Change is inevitable, and it doesn’t always come when you expect it or plan for it. If you are at a turning point in your life, you may be facing numerous changes personally, with your family and with your business. If it is time to close the doors of your business, whether physical or virtual, you should know that it is not always as simple as not showing up for work tomorrow.
The dissolution of a business can be a complex legal process that you should take step by step, ideally with a legal advisor at your side. Each step is critical, and missing any part of the process may result in costly consequences, particularly involving taxes and financial penalties. Of course, each business is unique, and different industries will have their own special requirements for dissolution. However, it may help to know the general steps you will be taking.
Not a simple process
If you are facing bankruptcy, you will go through a process that is quite different from the dissolution of a business. Dissolution is a procedure for other circumstances. For example, perhaps you are ready to retire. Maybe you cannot resolve a dispute among your partners or shareholders, and so the only course of action is to dissolve the business.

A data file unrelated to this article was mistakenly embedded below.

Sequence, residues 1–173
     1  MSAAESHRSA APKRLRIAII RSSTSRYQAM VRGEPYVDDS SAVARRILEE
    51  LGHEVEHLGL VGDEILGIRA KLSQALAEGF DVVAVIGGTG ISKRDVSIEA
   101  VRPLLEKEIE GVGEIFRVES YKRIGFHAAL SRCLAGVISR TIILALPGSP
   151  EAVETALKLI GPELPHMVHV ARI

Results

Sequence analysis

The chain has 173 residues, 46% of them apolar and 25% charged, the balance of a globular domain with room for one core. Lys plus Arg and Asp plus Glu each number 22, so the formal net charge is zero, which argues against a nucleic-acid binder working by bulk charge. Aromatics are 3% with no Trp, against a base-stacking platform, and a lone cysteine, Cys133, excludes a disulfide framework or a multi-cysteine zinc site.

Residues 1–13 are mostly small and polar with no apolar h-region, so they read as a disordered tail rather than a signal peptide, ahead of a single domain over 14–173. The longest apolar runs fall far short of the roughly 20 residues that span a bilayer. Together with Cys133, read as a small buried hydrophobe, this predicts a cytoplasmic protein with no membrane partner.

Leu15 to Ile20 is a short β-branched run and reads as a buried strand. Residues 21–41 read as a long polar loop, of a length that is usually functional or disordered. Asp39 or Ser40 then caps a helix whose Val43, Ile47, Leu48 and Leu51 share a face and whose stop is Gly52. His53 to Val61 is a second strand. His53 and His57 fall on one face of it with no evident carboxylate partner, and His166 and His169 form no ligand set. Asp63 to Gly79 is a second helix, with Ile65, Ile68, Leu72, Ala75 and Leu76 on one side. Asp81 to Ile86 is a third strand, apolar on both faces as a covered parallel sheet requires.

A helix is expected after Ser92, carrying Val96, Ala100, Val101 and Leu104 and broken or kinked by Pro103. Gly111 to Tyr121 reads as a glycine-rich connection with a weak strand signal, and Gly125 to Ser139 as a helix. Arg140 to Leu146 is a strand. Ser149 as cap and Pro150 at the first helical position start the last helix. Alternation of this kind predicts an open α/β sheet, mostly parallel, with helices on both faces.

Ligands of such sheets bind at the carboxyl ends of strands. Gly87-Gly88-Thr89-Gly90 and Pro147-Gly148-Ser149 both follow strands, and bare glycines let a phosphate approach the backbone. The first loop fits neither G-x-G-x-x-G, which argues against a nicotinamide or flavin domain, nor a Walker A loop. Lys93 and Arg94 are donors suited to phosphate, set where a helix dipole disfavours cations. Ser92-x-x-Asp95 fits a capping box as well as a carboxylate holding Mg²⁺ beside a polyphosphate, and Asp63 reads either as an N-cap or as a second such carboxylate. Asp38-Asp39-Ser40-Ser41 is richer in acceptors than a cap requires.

The first thing to do is to review your formation documents, partnership agreement or other contracts. There may be important procedures you must follow before you can proceed. Then you will likely take the following steps:
- Make sure you have the approval for the dissolution from your partners and all shareholders.
- File a notice of dissolution if you registered your business in Pennsylvania.
- Draft a formal resolution of dissolution, which will provide evidence that all parties involved agree with the decision to dissolve the business.
- Plan the process of liquidating any assets, including paying the business’ debts and how this will affect your shareholders.
- Notify tax authorities and follow their instructions for paying final employment taxes, canceling your employer ID number and other tasks.
- Pay your vendors and any other parties to whom your business owes money.
- Pay your employees their final paychecks.
There are likely other details to attend to. You may have to break your commercial property lease or cancel any professional licenses or permits your business requires. It is wise to take some time at the beginning of the process to organize and delegate these tasks. However, you will not want to leave any of these steps to others without making sure they complete them thoroughly and correctly, and that you are in compliance with all relevant laws.